Finding your true love twelve days before Hanukkah is no more of a miracle than finding him at all.
In The Wedding Plan, an orthodox Jewish woman finds her plans thrown into disarray when your fiancé breaks up with her a month before their wedding date; but she’s not to be deterred and with a month to go, she decides to move forward with all the plans and trust God to provide a groom by the day of the wedding. It’s a great screwball premise and Burshtein finds a lot of humor in the situation, but the film is far from a pure comedy; it’s also an exploration of loneliness, isolation, hope & faith. Burshtein’s previous film, Fill the Void, was also a film that revolved around marriage in the Orthodox community and it was a gutwrenching masterpiece. In this film, she’s lightened the mood a whole lot, but the nuance is still there. A lot of this is down to a genuinely great performance from Noa Koler in the lead; she’s able to hit every emotional beat with absolute precision and she’s the beating heart at the center of this movie. If we find her too ridiculous, the drama doesn’t work; if we find her too pathetic, the comedy doesn’t work. But we find her perfect and everything works. There’s a fine supporting cast too. Of special note is Oz Zehavi as a callow, but incredibly charismatic pop star and Irit Sheleg & Dafi Alpern as the main character’s mother & sister, respectively. This movie is really quite an achievement, I think. I laughed out loud several times and walked out with a smile on my face, but it earns every ounce of happiness it gets by not flinching when it comes to the doubt and fears of the main character. It’s a movie about the struggle to have faith and hope; it openly expresses that faith and hope can both give us great joy during difficult times and also come close to wrecking us when we see them frustrated again and again. No spoilers from me, but, while some might see the ending as trite, I found it to be absolutely earned and to ring very true. Burshtein is a fantastic talent and I look forward to seeing what she does next. Fill the Void was her debut and it was magnificent; she’s done a lot more than just avoid the sophomore slump with The Wedding Plan. She’s slam-dunked another evocative, brilliant masterpiece. 4 stars.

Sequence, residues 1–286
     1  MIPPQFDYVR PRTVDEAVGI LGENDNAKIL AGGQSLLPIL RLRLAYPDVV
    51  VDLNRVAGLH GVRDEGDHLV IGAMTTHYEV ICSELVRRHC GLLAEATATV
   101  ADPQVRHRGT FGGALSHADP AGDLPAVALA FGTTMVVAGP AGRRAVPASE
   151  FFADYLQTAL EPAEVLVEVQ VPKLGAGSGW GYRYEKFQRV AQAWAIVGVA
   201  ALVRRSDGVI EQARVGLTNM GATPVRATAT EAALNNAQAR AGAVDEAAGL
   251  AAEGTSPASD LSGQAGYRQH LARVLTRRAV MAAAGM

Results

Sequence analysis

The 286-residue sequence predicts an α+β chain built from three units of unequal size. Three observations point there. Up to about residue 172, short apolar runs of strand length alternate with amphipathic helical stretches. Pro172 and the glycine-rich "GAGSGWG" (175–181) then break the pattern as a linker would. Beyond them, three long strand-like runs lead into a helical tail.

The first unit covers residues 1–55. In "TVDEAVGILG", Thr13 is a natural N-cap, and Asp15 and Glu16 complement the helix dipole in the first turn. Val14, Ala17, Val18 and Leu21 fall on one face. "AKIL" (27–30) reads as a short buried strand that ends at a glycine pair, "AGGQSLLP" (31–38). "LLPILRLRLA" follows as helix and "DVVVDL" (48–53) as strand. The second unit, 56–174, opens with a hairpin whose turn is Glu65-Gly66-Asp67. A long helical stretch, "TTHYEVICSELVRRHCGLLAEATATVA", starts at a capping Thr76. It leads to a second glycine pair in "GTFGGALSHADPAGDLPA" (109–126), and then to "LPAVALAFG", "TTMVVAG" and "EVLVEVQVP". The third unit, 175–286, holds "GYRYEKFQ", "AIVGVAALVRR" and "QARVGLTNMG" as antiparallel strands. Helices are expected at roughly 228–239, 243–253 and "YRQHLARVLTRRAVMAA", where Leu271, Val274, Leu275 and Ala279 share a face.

tl;dr – film effortlessly balances comedy and drama as it explores faith, hope, loneliness and joy; an astonishing lead performance from Noa Koler holds everything together perfectly. 4 stars.